Marc Julien is a husband and father, a businessman and a cancer survivor.
In June of 2018, just four weeks after the birth of his first child, Marc’s world was turned upside down.
He was diagnosed with stage 4 cancer in his neck and tonsils.
“The natural instinct is to think death. I’m going to die, what’s going to happen to my kids and family and business? Once you get a grasp on the situation and how treatable it is things come into perspective,” Marc said.
He went through dozens of radiation treatments and chemotherapy sessions that lasted seven hours at a time.
Some days were so bad he forgot what it was like to feel good, but he never lost sight of what he was fighting for.
“I guess the excitement of coming out the other side was certainly a driver to want to keep going and persevere and see my daughter,” Marc said.
This past December, he and his family celebrated two years cancer-free.
Marc says now he really prioritizes and thinks about what is important in his life.
“A lot of people say smell the roses and I say prior to being diagnosed with cancer I never even saw the flowers, I was just zipping by so quick and now I appreciate life a lot more,” Marc said.
So he’s using the time he wasn’t sure he’d have, to make a difference in the lives of others.
“While I was sick I was already thinking when I get out of this and feel better I have to do something really big just to encourage myself to believe that it’s gone and I’m better than I was before,” Marc said.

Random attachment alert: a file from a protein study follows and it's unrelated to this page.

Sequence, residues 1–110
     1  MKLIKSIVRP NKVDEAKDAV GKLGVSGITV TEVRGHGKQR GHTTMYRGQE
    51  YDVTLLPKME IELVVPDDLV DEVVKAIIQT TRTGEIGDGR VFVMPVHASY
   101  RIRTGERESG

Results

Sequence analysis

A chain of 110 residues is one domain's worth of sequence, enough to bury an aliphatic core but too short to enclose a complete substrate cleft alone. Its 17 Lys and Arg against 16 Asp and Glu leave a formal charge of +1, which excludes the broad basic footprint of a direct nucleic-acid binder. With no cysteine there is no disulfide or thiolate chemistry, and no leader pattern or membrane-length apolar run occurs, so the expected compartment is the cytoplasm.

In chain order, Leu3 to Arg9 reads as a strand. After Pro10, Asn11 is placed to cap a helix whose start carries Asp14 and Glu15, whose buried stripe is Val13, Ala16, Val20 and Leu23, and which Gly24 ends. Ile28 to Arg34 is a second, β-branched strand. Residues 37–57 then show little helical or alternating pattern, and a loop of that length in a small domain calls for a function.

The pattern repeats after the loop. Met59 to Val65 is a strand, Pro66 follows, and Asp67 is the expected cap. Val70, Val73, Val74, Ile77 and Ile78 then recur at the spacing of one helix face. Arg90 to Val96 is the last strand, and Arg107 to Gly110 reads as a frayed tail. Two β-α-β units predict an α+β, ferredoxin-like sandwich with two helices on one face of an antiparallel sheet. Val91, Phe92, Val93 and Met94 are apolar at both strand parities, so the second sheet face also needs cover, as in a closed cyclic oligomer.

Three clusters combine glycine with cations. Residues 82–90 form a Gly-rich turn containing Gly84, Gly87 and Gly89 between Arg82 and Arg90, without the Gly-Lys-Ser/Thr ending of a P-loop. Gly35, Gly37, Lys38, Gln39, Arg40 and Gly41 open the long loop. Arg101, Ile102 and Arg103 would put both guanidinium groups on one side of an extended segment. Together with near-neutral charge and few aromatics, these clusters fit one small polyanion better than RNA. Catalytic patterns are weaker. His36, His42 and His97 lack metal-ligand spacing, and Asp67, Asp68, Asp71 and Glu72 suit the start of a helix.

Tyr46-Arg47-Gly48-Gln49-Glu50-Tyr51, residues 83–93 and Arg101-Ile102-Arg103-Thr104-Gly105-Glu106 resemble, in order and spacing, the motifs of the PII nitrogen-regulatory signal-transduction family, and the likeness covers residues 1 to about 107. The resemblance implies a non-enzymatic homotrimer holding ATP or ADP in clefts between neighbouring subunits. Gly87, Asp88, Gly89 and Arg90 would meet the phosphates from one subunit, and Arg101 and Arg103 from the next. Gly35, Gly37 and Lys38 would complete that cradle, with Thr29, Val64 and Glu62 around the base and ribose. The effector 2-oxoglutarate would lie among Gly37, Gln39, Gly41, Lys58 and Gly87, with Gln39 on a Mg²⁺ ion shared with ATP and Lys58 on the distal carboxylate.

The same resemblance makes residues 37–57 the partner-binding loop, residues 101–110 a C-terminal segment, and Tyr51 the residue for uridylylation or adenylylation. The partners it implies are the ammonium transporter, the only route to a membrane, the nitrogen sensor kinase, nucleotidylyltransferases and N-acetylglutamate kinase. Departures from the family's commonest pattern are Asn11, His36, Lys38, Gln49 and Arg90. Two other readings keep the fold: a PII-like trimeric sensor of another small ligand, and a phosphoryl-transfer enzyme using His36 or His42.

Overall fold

He’s now training to compete in the “Race Across America” in June.
It’s a 3,000-mile bicycle race from Oceanside, California to Annapolis, Maryland.
“The big goal is to win a race that’s tougher than Tour de France. It’s twice as long and happens in five days as opposed to over 25 days so it’s a huge achievement," Marc said.
He’s on a team with seven other men from the U.S. and the U.K., all of whom have been impacted by cancer in some way.
The men will meet in person for the first time and train together in Florida in March.
The race begins on June 19th and each rider will do 100 miles a day.
With the goal of winning in mind, they know they will have to finish the race in about five days and ten hours.
They’ve also launched a non-profit and are determined to raise at least $500,000 for childhood cancer treatment research.
“During the process of recovery I started thinking about all these kids that are sick with cancer and I thought what a great way to do this crazy event and try and raise money to help kids with their treatments and lessen the effects that they incur after treatment,” Marc said.
The money raised will go to the National Pediatric Cancer Foundation and the Leukemia & Lymphoma Society.
Click here if you’d like to learn more about their efforts.